Among the many exotics found in Texas, the most striking and probably the most globally recognizable, are the Axis. Transplanted from India over seventy years ago, Axis have thrived in the warm Texas climate, and their herds have increased in large numbers. They have many quirky characteristics that make them unique, probably the reason they are so popular among exotic hunters. Hunting a trophy Axis deer truly stands out as a one-of-a-kind pursuit, and bagging a mature male is an accomplishment of “global” proportions.
Axis deer travel in herds that may range from 10-80 animals. Axis females are not limited to one annual mating cycle and may go in and out of heat throughout the year. This most likely contributes to the fact that Axis herds are comprised of both males and females. Trophy Axis deer with hardened, mature antlers travel within the center of herds, surrounded by females and their young. As different females go in and out of estrus, the mature males quarrel amongst themselves for breeding rights, bellowing and posturing to attract females as well as repel competing suitors. This perpetual herd behavior is far from random as Axis have many predators and use strength in numbers to beef up security.
In their native region of the world, trophy Axis deer have considerably more predators than in North America. Thousands of years dodging tigers, leopards and crocodiles have instilled in Axis a nervous, flighty disposition, making them incredibly difficult to approach with stealth. Due to the physical structure of their herds, mature males are less likely to fall to predators than the females and young with which they surround themselves. This means that trophy Axis deer have observed and survived numerous predators and are therefore the cagiest and most wary within the herd.
Serious exotic hunting enthusiasts gravitate towards trophy Axis deer for the challenge they present and the unique hunting tactics that must be employed to gain an advantage. In fact, so advanced are the Axis’ senses of detection and avoidance that they are known to form bonds with certain types of monkeys in India as sort of a tag-team security force. Axis herds follow these monkeys from tree to tree, both groups relying on the other’s keen senses of detection for a warning call that will allow both to elude whatever potential predator is within sight. This evolved behavior speaks to the intelligence of trophy Axis deer and their elusive nature that draws so many hunters to pursue them.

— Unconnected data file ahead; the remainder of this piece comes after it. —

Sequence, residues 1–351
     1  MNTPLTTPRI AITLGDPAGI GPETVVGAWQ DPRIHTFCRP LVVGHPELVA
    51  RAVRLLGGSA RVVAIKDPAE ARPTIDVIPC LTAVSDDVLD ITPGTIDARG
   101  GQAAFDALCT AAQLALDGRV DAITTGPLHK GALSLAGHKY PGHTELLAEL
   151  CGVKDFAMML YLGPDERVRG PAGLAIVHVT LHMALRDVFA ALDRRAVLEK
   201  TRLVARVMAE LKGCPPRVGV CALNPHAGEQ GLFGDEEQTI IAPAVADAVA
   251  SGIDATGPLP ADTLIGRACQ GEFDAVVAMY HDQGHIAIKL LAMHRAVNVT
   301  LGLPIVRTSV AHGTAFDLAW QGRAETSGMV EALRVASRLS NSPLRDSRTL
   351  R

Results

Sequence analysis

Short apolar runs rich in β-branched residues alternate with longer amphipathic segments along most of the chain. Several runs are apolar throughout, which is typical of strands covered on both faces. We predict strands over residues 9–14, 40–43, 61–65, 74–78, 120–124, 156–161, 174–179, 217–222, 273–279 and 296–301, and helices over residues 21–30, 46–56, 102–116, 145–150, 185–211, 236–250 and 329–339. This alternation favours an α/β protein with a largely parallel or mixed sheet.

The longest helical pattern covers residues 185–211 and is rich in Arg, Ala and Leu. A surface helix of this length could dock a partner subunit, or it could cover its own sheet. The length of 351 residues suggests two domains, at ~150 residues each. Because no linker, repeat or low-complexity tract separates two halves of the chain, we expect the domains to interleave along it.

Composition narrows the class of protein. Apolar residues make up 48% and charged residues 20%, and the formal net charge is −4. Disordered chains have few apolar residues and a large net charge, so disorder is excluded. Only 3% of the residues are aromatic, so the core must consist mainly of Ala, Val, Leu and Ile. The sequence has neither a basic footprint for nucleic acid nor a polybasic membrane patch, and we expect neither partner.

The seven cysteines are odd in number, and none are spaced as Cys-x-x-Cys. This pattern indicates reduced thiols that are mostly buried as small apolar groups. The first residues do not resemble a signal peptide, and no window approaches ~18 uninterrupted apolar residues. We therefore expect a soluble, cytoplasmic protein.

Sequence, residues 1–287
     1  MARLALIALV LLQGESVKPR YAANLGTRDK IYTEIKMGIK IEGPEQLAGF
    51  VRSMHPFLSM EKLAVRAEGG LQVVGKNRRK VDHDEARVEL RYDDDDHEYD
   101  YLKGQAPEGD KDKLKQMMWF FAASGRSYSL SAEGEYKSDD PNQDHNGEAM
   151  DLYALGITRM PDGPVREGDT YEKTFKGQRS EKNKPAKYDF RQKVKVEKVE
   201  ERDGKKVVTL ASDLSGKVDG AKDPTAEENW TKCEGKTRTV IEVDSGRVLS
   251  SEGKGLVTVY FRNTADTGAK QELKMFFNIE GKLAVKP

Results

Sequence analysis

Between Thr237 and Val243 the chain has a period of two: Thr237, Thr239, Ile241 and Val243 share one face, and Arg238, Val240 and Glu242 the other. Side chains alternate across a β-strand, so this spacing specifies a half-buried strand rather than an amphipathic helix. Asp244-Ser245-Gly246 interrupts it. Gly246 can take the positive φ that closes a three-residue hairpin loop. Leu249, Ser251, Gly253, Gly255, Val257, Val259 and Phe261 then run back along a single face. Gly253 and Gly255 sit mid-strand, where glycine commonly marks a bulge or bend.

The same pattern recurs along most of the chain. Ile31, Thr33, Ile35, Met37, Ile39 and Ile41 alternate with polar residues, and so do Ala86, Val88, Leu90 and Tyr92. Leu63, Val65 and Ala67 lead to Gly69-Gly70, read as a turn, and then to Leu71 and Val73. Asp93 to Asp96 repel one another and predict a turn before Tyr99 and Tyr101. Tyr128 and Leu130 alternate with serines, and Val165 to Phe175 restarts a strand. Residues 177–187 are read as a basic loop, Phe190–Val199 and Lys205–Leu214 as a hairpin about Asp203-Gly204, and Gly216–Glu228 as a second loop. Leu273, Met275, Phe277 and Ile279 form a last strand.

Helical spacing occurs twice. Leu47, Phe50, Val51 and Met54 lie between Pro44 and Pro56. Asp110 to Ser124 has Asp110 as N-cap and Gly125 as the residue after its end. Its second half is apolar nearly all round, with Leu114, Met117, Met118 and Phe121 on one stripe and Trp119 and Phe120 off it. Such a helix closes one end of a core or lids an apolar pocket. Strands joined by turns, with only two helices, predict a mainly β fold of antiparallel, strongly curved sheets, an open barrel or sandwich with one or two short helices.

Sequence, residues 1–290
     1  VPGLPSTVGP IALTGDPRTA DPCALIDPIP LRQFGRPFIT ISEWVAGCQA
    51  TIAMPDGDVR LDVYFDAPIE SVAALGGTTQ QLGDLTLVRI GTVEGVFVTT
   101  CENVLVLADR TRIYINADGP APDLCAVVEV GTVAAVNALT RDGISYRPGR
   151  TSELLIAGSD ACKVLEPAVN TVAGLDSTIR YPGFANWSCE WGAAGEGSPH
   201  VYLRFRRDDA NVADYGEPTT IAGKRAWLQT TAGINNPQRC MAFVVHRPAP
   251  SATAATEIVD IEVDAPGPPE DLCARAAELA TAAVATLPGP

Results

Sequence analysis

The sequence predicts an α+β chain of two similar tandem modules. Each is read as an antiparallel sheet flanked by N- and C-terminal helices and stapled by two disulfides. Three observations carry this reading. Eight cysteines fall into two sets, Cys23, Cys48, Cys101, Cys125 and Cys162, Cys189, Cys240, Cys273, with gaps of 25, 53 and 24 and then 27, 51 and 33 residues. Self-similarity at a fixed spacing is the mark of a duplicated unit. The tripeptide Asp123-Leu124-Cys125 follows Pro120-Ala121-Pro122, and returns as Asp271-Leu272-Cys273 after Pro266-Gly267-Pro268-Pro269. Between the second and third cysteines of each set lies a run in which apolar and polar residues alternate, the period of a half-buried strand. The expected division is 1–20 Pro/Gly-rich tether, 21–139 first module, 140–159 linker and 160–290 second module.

Hunters of all ages are especially drawn to pursue Axis in central Texas, where the steep topography and sparse vegetation allow hunters a means to counter the constant vigilance of large groups of Axis deer. In this region, Axis hunting can be done by glassing adjacent valleys, identifying trophy Axis deer from a distance and then choosing an approach that gives the hunter the best sight, sound, and scent advantage. This “safari” style approach to spot-stalking is especially exciting when approaching the herd. The bellowing and barking of both male and female Axis deer make for an especially suspenseful stalk, and even veteran exotic hunters reference the thrilling nature of every Axis hunt.
Trophy Axis deer sport towering, tri-forked antlers and make for truly awe-inspiring mounts. But they are pursued by veteran hunters for more than their magnificent hardware and even more than the delicacy of their venison. Axis hunting is an exhilarating venture that will redefine the nature of “Texas deer hunting” for hunters of all ages. It is a rare, enriching opportunity to embark on a hunt that started on the opposite side of the world.